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More wind farms are expected to be rolled out across Scotland as part of a transition to a “low carbon future”, ministers have said.
It comes just days after the retiring head of the body representing Scotland’s climbers and hillwalkers insisted turbines had already “irrevocably damaged” areas of the Highlands.
David Gibson, who is stepping down as chief executive officer of Mountaineering Scotland, said the growth of wind farms was “unsustainable”.
But the Scottish Government has now unveiled plans for onshore wind to play a “growing and valuable role in our transition to a low carbon future”.
Energy minister Paul Wheelhouse said he was “determined to help ensure a route to market for new developments”, adding that the technology was changing towards “larger, more efficient turbines which have made onshore wind highly cost effective”.
Introducing the Scottish Government’s first energy strategy, he said: “Our planning system already makes positive and proactive provision for onshore wind – protecting our landscapes and ensuring development goes ahead only in the right places.
“And that will remain the case, and ensure that onshore wind can continue to power Scotland’s low carbon future, while involving, regenerating and benefitting local communities.”
Campaigners have previously raised concerns around wind farms being built in areas of designated wild land, such as on the Altnaharra Estate in Sutherland, but Mr Wheelhouse insisted such concerns were taken into account.
He said: “It’s very much part of our consideration, looking at wild land issues. It’s not a formal designation, but it’s also important that we recognise that within the process – that’s an improvement we’ve made to the planning system in Scotland and it’s one that’s been warmly welcomed.
“There are a number of sites which have not entirely been rejected on the grounds of wild land, but it’s been a contributory factor to a rejection of a planning application.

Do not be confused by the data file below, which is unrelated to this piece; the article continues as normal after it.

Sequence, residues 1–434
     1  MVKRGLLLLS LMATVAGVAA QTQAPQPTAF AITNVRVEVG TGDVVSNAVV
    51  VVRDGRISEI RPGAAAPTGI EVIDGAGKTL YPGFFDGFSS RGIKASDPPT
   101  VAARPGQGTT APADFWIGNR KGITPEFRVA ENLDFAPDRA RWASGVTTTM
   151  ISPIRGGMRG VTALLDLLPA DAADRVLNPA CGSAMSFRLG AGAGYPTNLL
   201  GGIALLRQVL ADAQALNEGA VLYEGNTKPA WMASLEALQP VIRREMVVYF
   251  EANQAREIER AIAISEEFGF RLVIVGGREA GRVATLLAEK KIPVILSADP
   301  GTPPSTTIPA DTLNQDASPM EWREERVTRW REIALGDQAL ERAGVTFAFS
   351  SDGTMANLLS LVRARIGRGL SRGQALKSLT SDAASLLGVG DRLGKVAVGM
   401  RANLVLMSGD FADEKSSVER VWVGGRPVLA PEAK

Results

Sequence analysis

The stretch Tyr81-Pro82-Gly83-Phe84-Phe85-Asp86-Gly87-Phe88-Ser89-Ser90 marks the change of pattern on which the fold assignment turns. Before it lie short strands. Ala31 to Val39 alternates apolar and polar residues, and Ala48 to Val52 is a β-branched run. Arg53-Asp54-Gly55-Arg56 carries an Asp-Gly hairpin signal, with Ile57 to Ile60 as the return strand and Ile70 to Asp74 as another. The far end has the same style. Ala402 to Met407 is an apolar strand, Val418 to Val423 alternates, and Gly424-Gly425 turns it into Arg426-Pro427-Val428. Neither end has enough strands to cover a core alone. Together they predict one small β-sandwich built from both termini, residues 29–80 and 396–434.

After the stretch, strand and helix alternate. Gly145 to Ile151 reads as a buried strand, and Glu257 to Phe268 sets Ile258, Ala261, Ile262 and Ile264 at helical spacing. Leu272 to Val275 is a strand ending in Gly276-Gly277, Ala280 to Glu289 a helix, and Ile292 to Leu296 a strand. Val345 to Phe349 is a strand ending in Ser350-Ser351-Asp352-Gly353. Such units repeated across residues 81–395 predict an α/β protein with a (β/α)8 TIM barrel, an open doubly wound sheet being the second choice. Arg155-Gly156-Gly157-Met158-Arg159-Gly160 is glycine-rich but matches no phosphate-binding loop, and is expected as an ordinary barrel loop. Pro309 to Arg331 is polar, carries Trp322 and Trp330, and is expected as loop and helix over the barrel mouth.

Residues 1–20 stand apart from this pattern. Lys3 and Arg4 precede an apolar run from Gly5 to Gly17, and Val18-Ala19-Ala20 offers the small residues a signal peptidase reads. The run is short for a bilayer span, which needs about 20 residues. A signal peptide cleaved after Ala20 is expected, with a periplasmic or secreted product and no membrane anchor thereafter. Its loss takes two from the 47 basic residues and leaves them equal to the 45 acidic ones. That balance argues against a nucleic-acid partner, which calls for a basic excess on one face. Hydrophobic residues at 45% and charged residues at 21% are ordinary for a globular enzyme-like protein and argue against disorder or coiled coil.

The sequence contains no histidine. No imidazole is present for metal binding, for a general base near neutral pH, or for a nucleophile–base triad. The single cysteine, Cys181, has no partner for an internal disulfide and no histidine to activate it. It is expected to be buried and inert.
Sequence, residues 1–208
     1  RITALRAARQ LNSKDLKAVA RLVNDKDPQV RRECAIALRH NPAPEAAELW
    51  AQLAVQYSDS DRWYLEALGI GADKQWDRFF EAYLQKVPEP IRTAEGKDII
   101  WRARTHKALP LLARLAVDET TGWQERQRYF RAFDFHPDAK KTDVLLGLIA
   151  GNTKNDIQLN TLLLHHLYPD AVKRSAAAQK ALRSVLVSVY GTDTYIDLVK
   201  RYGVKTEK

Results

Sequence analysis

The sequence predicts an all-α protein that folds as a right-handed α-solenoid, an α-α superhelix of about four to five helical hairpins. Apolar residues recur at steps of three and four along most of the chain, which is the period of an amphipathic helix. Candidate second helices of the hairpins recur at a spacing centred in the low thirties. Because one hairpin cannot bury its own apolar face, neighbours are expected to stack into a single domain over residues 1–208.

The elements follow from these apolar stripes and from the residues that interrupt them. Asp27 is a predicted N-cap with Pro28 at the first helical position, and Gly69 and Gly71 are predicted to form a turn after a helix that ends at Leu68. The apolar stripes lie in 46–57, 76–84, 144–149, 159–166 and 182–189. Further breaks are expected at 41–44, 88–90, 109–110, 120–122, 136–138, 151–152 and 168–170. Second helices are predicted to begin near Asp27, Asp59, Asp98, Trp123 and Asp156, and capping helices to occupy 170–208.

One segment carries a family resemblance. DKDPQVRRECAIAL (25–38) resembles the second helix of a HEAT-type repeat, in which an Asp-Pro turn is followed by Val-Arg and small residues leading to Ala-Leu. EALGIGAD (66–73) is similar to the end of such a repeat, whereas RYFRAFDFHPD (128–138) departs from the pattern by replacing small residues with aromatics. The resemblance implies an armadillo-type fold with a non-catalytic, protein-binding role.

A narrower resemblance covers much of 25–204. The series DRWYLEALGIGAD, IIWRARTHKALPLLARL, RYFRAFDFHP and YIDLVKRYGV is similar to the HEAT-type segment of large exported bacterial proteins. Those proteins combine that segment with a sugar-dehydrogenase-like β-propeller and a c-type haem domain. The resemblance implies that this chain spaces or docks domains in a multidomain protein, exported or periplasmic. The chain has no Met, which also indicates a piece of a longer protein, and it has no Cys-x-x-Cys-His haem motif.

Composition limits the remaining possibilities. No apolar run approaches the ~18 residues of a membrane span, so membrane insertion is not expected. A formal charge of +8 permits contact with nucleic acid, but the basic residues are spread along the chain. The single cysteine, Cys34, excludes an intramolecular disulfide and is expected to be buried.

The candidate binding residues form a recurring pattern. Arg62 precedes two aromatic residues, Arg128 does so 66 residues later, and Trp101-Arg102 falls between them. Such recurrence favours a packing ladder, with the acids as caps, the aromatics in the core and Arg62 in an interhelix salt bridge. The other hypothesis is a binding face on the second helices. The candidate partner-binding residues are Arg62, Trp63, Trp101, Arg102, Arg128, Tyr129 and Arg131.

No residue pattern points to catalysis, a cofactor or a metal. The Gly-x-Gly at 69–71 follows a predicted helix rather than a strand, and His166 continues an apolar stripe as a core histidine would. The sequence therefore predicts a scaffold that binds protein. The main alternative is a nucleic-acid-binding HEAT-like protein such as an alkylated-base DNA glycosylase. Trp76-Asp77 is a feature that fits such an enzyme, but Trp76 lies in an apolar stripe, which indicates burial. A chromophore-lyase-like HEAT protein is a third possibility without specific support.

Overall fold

“Equally we don’t want to portray a picture that wild land will be a barrier to development of sensible projects in good locations.”
Announcing his retirement earlier this week, Mr Gibson said that though Mountaineering Scotland had won several battles against intrusive wind farms, it had also lost others.
The 65-year-old added: “The vast majority of the public have never been near the mountains so they have no real idea of the damage that wind farms can do to the landscape.
“It is not sustainable for the First Minister or [national tourism body] VisitScotland to trumpet Scotland as the best country in the world to visit while these large wind farms are being built on such scale.
“And there are two dozen more in the pipeline of concern because of their size and positioning.
“There have already been too many wind farms constructed – or will be built – that have irrevocably damaged the landscape, or will do when they are constructed.”
As well as announcing continued investment in wind energy, the Scottish Government said it would pump £80 million into low carbon growth schemes.
Meanwhile, plans for a publicly owned, not-for-profit energy company will be put out to consultation next year.
And ministers also set a target for half of Scotland’s heat, transport and electricity consumption to be supplied from renewable sources by 2030.
Mr Wheelhouse said there had been a 12 per cent increase in the level of community and locally owned renewable capacity operating in Scotland.
But Scottish Conservative energy spokesman Alexander Burnett said the Government had provided “very little detail” about how it hopes to achieve its goals.
He said: “In fact this strategy is notable mostly for its lack of any detail on the widely publicised publicly owned Scottish Energy Company, despite repeated questions.
“With commendable ambitions but absolutely no detail, this strategy is pure hot air.”
Scottish Tory MSP Donald Cameron, who represents the Highlands and Islands, had earlier raised concerns about the “many environmental groups, as well as a huge number of local communities who feel that our natural landscape has already been compromised by onshore wind”.
Scottish Labour economy spokeswoman Jackie Baillie MSP said there was “much to welcome in the energy strategy”, but called for jobs to be put at its heart.
She added: “It is fair to say that the major investment in renewables so far has not led to a significant number of jobs or supply chain opportunities retained in Scotland.”
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